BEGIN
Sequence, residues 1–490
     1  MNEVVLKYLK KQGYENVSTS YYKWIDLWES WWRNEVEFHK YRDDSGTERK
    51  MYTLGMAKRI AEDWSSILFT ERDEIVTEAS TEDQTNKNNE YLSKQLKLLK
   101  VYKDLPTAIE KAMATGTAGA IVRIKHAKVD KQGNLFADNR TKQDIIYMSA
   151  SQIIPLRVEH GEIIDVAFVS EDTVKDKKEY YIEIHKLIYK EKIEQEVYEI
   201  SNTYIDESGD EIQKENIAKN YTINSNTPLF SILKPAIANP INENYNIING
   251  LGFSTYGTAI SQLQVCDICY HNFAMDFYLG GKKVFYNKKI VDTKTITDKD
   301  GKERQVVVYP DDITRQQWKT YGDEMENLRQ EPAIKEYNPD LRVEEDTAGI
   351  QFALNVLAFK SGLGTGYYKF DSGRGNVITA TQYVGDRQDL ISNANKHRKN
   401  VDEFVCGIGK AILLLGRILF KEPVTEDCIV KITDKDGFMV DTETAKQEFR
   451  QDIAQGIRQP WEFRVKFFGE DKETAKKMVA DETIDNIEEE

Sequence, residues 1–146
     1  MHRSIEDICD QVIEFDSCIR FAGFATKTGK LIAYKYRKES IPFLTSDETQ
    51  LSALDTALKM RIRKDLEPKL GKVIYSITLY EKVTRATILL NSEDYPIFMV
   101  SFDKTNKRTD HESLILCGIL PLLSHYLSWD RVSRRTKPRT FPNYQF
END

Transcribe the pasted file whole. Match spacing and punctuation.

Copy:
Sequence, residues 1–490
     1  MNEVVLKYLK KQGYENVSTS YYKWIDLWES WWRNEVEFHK YRDDSGTERK
    51  MYTLGMAKRI AEDWSSILFT ERDEIVTEAS TEDQTNKNNE YLSKQLKLLK
   101  VYKDLPTAIE KAMATGTAGA IVRIKHAKVD KQGNLFADNR TKQDIIYMSA
   151  SQIIPLRVEH GEIIDVAFVS EDTVKDKKEY YIEIHKLIYK EKIEQEVYEI
   201  SNTYIDESGD EIQKENIAKN YTINSNTPLF SILKPAIANP INENYNIING
   251  LGFSTYGTAI SQLQVCDICY HNFAMDFYLG GKKVFYNKKI VDTKTITDKD
   301  GKERQVVVYP DDITRQQWKT YGDEMENLRQ EPAIKEYNPD LRVEEDTAGI
   351  QFALNVLAFK SGLGTGYYKF DSGRGNVITA TQYVGDRQDL ISNANKHRKN
   401  VDEFVCGIGK AILLLGRILF KEPVTEDCIV KITDKDGFMV DTETAKQEFR
   451  QDIAQGIRQP WEFRVKFFGE DKETAKKMVA DETIDNIEEE

Sequence, residues 1–146
     1  MHRSIEDICD QVIEFDSCIR FAGFATKTGK LIAYKYRKES IPFLTSDETQ
    51  LSALDTALKM RIRKDLEPKL GKVIYSITLY EKVTRATILL NSEDYPIFMV
   101  SFDKTNKRTD HESLILCGIL PLLSHYLSWD RVSRRTKPRT FPNYQF